I had the chance to see Audioslave live in concert right after their first album was released. They were incredible.
I can’t say I was ever the biggest Soundgarden fan, but ‘Blackhole Sun,’ ‘Spoonman,’ ‘Ty Cobb,’ and ‘Rusty Cage’ are all songs I’ve LOVED at different points. The Johnny Cash cover of ‘Rusty Cage’ is perhaps one of the most underrated tracks of the American Recordings sessions with Rick Rubin. Looking through their catalog today, I was taken aback by really how much of it I knew and loved already.
I can’t say I ever knew all that much about Chris Cornell. I never really felt the need to make a point to. That said, I always admired his talent and passion. His artistry, his craft, and his ability to capture emotion both lyrically and aurally.
I can’t help but think of my friend Matt Ryd at times like these. Matt was a good friend and a talented musician. Unfortunately, we lost him to suicide a few years ago as well. I feel like he’d have a lot of say on this topic.
I’ve seen people on Twitter say, “Chris somehow didn’t know how much people loved him.” And while I appreciate the sentiment, that irks me.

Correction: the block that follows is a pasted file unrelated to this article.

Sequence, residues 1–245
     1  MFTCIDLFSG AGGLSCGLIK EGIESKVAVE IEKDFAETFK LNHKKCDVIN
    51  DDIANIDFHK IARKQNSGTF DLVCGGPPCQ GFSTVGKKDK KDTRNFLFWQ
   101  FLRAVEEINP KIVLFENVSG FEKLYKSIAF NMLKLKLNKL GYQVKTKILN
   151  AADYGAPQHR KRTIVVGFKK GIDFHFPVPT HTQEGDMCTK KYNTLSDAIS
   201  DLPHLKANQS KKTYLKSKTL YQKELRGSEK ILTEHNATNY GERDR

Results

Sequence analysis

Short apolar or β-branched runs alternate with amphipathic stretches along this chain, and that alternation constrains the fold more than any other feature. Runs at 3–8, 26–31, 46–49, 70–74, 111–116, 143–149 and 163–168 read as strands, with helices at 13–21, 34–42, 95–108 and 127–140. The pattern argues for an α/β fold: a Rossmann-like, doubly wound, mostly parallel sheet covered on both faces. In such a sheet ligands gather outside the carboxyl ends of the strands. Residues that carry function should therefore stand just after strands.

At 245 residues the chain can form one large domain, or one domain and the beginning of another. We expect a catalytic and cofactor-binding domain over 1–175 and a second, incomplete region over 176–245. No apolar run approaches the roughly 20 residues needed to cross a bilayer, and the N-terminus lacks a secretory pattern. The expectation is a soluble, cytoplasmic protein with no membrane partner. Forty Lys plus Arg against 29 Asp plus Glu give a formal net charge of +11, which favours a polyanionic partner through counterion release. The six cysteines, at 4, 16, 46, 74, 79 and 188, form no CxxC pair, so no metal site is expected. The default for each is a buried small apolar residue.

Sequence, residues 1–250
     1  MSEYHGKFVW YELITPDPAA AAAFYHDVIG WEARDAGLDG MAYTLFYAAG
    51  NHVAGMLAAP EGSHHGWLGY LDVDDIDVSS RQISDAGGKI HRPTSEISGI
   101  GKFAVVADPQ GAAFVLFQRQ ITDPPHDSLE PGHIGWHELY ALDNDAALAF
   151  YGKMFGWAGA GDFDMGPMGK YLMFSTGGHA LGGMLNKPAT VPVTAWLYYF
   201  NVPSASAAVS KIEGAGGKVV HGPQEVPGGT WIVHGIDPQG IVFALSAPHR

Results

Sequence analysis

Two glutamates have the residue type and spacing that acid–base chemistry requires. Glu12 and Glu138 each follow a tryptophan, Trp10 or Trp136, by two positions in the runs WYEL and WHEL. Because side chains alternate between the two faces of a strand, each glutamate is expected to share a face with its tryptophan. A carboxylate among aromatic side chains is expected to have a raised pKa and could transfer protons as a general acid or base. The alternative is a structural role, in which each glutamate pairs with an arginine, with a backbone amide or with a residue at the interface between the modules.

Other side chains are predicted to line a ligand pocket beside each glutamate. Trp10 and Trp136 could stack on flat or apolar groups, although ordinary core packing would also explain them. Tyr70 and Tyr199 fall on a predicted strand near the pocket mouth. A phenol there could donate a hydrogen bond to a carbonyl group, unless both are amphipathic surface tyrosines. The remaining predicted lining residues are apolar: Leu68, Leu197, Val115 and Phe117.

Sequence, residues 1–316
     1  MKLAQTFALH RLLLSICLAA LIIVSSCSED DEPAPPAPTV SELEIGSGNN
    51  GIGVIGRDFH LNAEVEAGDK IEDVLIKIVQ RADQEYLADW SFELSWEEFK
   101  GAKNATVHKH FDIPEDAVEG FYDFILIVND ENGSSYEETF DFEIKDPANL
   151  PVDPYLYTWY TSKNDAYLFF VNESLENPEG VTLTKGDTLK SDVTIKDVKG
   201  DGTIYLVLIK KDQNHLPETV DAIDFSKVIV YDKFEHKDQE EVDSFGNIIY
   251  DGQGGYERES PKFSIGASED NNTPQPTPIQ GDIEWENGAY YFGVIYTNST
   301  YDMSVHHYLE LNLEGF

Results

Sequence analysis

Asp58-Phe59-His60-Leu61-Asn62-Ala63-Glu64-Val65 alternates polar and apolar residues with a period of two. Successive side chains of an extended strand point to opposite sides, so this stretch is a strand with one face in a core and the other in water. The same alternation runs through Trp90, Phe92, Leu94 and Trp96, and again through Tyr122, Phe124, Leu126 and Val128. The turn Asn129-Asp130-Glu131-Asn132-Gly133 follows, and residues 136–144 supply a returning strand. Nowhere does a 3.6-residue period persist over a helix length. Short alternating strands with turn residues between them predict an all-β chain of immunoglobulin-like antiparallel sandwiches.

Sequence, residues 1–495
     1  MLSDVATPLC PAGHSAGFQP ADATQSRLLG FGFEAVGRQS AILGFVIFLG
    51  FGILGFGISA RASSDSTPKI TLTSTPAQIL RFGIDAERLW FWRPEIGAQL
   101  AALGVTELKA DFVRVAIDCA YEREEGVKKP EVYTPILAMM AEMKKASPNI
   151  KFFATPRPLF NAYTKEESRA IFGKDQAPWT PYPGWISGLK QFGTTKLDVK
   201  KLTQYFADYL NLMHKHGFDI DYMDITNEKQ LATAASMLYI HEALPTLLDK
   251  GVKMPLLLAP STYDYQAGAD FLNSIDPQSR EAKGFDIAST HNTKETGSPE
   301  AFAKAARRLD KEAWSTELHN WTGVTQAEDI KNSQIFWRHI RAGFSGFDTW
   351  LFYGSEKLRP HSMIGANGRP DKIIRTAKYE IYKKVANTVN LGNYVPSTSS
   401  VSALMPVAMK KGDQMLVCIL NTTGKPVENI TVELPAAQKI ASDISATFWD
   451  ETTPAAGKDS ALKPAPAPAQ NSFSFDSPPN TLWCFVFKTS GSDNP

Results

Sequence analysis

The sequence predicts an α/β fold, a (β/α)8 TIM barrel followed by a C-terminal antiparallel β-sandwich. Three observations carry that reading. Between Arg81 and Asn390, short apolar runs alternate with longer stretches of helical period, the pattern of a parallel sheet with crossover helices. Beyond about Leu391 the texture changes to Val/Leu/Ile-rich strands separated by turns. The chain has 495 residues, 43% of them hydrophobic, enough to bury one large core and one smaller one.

We don’t know Chris’s struggle, but I do know that depression is a cruel master. Yes, support and love and care can help, definitely, but it’s not that simple. Matt always used to say that he couldn’t kill himself because he couldn’t do that to the people who loved him. He knew he was loved, and yet, here we are. The whole world can love you, and you can still hate yourself or face crippling anxiety. Many “normal” people do.
This moment, while we mourn Chris, it isn’t just an opportunity to share the suicide hotline number (1-800-273-8255). That is good, that does help, but we should talk about mental illness in the open.
We need to stop stigmatizing it. We need to treat it as any other illness. As my friend Katherine put it:
Yeah, it’s like saying someone who died of cancer didn’t know how loved they were. It doesn’t have a direct correlation to the disease.
We can start de-stigmatizing by stopping using terms like “crazy” and “psycho” offhandedly to dismiss things we disagree with. And more importantly, those of us who can need to start talking about our own struggles. Not for attention or pity, but to normalize it, to remove the shame for others.
I suffer from anxiety, and it has fucked up my life pretty hard at times. I used to have full-blown panic attacks and shut down. They are less common now, but it’s taken a lot of work for me to get here, and I still have a lot of work to do.
One of the biggest things that has helped has been talking about it. In talking to friends about it, I’ve had more and more people tell me about their own struggles.
That’s the key:
You are not alone. There is no “normal.” Even the most “together” people in the world have stuff they suffer from. They just hide it because of fear or shame and the stigma associated.
We need to defeat that stigma.
This is literally a matter of life and death for someone you love.